Chair Golden introduced Provost Leslie by saying he had been extremely helpful to subgroups of the Faculty Council in his role as chair of the Deans’ Working Committee on undergraduate curricular reform. Provost Leslie said he was honored to be provost, and he shared President Powers’ vision of moving UT Austin “toward the top of public universities.” He said he was looking forward to working with the Faculty Council, Undergraduate Studies Dean Paul Woodruff, and all of the other academic deans across campus. Provost Leslie said that UT’s rankings in terms of program quality indicated that faculty members were doing “a great job.” He said an important priority was to “look at how we will get our hands around improving the financial circumstances at this great University to support our faculty.” Provost Leslie said he viewed himself “as a faculty member on extended leave” just as former Provost Sheldon Ekland-Olson had said he perceived himself when he stepped into the provost position several years ago. Provost Leslie closed his remarks by saying he was looking forward to the opportunity to work with the Faculty Council and with Chair Golden. Chair Golden thanked Provost Leslie for his remarks. She also thanked Executive Vice Provost Steve Monti for his “hard work,” saying no one paralleled his extensive experience and knowledge of the University’s infrastructure. Chair Golden reported that she would be reporting more extensively at a future meeting about the results from her survey of Council members regarding priorities and concerns. She then explained the role of the Faculty Council Executive Committee and introduced each of the committee members.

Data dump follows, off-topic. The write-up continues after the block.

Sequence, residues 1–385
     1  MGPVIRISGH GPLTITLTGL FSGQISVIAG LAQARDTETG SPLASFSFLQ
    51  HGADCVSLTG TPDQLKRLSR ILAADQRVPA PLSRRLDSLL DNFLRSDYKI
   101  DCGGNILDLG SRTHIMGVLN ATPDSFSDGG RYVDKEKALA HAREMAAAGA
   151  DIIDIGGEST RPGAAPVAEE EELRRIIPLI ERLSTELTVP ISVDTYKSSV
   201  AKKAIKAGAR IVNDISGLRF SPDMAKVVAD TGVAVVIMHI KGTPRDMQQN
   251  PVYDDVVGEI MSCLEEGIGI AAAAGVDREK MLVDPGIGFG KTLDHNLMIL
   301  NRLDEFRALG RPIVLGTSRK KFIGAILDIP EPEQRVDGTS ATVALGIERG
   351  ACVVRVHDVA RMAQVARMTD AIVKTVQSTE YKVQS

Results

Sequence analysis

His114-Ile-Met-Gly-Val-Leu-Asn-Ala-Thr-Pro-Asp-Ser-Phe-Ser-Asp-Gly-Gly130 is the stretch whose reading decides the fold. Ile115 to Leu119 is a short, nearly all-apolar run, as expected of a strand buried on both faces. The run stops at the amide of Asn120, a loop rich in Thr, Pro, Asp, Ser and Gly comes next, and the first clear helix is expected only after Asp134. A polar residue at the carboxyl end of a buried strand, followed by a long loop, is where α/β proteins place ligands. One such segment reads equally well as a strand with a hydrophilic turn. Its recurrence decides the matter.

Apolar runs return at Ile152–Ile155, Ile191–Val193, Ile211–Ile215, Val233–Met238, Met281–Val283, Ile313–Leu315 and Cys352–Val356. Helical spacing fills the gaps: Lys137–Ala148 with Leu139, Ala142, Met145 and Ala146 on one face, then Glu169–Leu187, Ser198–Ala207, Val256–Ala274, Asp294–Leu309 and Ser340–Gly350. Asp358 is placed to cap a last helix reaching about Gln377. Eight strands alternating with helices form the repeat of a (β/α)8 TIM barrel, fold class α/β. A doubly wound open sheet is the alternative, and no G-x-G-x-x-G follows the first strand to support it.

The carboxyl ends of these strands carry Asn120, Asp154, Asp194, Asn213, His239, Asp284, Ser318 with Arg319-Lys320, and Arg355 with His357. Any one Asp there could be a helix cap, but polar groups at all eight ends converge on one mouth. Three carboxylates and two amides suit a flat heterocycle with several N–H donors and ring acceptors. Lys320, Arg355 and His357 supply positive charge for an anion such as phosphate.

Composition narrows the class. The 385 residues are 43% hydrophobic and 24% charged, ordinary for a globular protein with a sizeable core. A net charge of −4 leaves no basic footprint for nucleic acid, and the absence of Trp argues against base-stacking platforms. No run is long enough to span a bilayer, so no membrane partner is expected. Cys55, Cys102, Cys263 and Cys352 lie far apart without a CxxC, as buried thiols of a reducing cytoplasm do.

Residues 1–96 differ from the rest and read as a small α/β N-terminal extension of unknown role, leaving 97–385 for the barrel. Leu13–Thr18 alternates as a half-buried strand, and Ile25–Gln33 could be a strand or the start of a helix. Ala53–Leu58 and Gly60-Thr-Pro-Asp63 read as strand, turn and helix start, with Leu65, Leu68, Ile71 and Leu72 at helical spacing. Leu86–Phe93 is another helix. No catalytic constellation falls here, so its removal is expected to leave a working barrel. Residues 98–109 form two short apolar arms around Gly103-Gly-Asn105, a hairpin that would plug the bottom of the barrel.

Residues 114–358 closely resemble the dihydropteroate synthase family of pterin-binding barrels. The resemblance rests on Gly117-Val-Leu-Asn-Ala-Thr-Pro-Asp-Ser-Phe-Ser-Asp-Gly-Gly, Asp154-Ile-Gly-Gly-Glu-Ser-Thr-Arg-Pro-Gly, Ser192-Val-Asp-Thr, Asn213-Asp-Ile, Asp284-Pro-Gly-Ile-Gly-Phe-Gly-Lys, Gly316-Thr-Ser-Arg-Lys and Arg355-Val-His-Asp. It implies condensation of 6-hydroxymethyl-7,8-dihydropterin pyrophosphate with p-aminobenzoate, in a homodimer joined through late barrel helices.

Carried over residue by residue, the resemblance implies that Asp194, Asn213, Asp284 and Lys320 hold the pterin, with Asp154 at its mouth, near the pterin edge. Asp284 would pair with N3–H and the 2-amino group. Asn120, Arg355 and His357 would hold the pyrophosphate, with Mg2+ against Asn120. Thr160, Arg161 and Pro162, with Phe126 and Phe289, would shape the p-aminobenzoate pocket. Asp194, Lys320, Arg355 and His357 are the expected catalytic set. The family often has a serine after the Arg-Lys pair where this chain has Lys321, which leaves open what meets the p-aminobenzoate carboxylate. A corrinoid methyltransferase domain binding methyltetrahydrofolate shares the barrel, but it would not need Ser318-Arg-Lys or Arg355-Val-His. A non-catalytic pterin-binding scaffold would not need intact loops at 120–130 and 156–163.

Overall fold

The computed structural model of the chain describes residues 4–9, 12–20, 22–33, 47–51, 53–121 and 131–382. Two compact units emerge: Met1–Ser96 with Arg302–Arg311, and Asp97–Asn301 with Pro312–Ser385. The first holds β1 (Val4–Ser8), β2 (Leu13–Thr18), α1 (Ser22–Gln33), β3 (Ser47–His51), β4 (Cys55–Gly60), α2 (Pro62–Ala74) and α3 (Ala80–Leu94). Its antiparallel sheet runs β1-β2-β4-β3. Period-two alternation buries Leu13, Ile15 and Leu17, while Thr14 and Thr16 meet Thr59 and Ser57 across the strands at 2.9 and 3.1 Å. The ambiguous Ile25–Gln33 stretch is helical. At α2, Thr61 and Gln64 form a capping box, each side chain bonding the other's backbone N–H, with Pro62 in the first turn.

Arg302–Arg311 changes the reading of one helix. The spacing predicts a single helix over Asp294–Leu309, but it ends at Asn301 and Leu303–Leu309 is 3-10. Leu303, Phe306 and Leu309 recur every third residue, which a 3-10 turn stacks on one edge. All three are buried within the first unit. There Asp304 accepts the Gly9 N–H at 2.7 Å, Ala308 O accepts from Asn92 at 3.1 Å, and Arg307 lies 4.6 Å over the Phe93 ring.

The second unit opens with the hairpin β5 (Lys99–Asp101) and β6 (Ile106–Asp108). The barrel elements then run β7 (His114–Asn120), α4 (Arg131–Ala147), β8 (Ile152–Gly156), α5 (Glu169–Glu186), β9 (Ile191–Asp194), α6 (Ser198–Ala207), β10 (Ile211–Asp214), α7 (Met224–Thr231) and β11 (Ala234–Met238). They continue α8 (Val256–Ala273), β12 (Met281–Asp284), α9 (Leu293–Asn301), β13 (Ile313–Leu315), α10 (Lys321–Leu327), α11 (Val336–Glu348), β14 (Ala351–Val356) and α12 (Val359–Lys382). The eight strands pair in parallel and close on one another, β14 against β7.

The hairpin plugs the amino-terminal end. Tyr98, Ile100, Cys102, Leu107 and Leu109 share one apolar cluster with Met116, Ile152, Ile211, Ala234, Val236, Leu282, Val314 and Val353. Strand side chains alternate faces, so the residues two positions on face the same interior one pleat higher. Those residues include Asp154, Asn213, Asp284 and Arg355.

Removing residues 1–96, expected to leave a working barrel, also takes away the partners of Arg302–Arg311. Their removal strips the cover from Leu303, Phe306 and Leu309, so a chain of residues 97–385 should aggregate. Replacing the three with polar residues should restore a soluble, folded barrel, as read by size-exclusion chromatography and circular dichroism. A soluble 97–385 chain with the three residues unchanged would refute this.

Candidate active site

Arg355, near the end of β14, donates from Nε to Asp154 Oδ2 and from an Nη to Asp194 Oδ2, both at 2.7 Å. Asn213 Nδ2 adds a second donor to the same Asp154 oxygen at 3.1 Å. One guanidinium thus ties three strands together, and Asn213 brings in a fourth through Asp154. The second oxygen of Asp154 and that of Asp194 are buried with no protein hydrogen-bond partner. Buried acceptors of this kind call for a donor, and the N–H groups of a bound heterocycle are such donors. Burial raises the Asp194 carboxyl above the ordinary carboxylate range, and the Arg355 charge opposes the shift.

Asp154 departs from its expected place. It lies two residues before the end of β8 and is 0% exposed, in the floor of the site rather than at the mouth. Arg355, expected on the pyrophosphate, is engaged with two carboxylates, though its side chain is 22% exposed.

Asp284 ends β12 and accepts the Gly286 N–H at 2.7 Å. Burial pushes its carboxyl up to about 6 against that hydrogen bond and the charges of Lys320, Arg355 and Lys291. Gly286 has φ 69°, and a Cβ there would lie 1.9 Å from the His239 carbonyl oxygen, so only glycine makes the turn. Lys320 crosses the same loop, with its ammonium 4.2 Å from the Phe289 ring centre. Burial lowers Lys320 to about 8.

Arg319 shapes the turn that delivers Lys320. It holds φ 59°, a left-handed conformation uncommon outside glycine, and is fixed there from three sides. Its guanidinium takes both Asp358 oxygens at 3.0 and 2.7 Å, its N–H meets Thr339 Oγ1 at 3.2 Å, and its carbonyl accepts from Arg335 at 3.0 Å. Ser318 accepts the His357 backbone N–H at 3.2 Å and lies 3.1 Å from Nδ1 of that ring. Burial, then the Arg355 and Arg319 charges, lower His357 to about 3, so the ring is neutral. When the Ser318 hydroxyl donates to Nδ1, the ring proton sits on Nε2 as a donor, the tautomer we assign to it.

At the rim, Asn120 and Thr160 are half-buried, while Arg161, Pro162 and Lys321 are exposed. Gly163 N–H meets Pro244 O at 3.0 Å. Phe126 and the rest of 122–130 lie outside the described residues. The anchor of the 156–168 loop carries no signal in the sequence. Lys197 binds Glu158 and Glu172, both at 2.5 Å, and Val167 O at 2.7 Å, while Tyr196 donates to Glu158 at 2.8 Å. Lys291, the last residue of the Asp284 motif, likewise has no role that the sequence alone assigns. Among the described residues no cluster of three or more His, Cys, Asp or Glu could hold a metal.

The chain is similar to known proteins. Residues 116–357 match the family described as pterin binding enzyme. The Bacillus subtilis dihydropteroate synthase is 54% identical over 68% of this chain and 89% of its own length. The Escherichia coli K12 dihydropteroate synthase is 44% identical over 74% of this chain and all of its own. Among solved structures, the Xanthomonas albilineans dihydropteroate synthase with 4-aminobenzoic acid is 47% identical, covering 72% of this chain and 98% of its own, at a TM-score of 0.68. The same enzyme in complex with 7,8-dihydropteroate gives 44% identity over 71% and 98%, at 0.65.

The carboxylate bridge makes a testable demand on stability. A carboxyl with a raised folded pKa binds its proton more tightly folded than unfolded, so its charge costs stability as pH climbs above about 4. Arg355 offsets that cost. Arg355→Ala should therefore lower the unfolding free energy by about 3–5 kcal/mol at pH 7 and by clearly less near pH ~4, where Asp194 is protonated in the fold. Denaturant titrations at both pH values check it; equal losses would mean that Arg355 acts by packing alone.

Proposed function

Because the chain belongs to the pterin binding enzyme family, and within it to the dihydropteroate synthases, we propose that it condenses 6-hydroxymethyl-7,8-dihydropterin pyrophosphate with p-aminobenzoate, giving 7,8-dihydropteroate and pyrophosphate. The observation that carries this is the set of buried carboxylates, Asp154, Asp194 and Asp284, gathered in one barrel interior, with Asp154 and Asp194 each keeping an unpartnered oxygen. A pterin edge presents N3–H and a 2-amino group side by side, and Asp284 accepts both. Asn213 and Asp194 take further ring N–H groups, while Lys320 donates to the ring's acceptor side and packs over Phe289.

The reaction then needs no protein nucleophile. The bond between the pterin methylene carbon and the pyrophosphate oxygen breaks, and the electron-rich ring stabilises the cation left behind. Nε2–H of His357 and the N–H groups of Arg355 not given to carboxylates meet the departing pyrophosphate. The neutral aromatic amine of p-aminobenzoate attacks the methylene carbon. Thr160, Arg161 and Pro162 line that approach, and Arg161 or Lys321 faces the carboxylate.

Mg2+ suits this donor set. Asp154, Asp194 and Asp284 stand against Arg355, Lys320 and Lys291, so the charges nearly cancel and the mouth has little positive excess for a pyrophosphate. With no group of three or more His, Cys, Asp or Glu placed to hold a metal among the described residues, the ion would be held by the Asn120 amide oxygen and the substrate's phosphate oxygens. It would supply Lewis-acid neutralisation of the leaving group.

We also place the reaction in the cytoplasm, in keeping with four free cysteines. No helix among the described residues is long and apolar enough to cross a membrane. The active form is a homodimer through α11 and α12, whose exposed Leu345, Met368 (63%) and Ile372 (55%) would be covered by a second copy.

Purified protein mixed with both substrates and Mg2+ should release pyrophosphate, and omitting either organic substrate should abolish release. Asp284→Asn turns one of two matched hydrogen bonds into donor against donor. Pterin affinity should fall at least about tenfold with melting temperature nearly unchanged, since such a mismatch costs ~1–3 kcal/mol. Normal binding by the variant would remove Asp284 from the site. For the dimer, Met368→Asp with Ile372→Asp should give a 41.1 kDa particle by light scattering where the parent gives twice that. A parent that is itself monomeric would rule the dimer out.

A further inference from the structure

Chair Elect Doug Burger reminded members about the March 5th joint meeting of the UT Faculty Council and Texas A&M Faculty Senate, which will be held in the UT Club located in the football stadium. He said he had been coordinating the planning of the event with Professor Angie Price, Speaker Elect of the Texas A&M Senate. Chair Elect Burger said a major theme of the meeting would be academic leadership through good governance practices. Breakout sessions featuring successful initiatives and improvements at the academic departmental level and ways to leverage athletic visibility to improve academic reputations are being considered. There is also an effort underway, in consultation with Vice President Patti Ohlendorf (institutional relations and legal affairs), to identify legislator guests who will be invited to the meeting.